This is a repository for many eclectic internet guides and RFC (Requests 
For Comments) from many sources, including the famous, if technical 
"Hitchhiker's Guide to the Internet". These may be obtained via anonymous 
ftp to nic.cerf.net (192.102.249.3). Call the CERFnet Hotline at 800-876-
CERF for assistance.  California Education and Research Federation
c/o San Diego Supercomputer Center
P. O. Box 85608
San Diego, CA 92186- 9784 
800/876-CERF or 619/534-5087
[email protected]

CICNet Resource Guide 
Over 200 pages of Internet resources, published June, 1992. Copies are 
$27.00 from CICNet, Inc. 
Attn Kim Schaffer
2901 Hubbard Pod A
Ann Arbor, MI 48109. 
313/998-6103  FAX 313/998-6105
[email protected]  

"The December Lists"  
"Information Sources:  the Internet and Computer-Mediated 
Communication"  Compiled by John December ([email protected]) 
Here is part of his information file on this excellent resource:

"This document or updates are available via anonymous ftp.  Host:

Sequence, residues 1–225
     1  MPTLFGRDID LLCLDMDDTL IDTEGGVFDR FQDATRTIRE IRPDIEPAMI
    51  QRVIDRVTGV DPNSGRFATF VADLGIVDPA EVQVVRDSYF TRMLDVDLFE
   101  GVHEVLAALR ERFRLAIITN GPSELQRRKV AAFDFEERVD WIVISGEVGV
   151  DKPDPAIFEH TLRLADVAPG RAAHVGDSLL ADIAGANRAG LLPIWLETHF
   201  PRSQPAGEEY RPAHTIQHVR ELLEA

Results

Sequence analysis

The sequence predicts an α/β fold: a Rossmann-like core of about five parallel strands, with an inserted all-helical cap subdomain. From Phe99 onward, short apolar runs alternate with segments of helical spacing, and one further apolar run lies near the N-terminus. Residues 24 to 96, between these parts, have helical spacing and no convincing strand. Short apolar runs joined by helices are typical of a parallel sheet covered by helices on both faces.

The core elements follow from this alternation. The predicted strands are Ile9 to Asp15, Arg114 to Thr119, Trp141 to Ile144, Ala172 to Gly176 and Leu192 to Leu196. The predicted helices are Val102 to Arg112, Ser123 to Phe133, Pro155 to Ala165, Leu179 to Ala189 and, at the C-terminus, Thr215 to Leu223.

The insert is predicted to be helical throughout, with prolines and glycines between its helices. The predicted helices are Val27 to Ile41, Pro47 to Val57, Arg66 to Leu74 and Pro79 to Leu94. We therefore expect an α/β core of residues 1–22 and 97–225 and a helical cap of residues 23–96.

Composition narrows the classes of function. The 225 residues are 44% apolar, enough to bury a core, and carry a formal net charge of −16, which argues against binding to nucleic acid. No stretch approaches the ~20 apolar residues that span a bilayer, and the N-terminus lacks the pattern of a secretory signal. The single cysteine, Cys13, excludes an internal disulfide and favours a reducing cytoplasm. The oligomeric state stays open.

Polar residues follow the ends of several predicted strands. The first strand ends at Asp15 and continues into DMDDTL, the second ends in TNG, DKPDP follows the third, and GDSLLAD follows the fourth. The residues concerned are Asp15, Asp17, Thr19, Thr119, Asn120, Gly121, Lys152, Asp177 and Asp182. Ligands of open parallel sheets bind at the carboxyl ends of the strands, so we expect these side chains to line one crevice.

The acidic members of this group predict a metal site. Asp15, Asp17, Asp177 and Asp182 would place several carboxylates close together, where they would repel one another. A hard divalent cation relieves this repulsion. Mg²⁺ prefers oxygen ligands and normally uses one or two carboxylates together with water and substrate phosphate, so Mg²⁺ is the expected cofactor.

ftp.rpi.edu, file: /pub/communications/internet-cmc.

PURPOSE:  to list pointers to information describing the Internet, 
computer networks, and issues related to computer- mediated 
communication (CMC).  Topics of interest include the technical, social, 
cognitive, and psychological aspects of CMC.

AUDIENCE:  this file is useful for those getting started in understanding 
the Internet and CMC; it compactly summarizes sources of information for 
those who are already exploring these issues.

ASSUMPTIONS:  to access many information sources listed here you must 
have access to and know how to use anonymous ftp, email, or  USENET 
newsgroups.  Some files are in TeX or PostScript format.

Contents: 
Section -1- THE INTERNET AND SERVICES 
Section -2- INFORMATION SERVICES/ELECTRONIC 
PUBLICATIONS 
Section -3- SOCIETIES AND ORGANIZATIONS 
Section -4- NEWSGROUPS 
Section -5- SELECTED BIBLIOGRAPHY"

"Emily Postnews Answers Your Questions on Netiquette"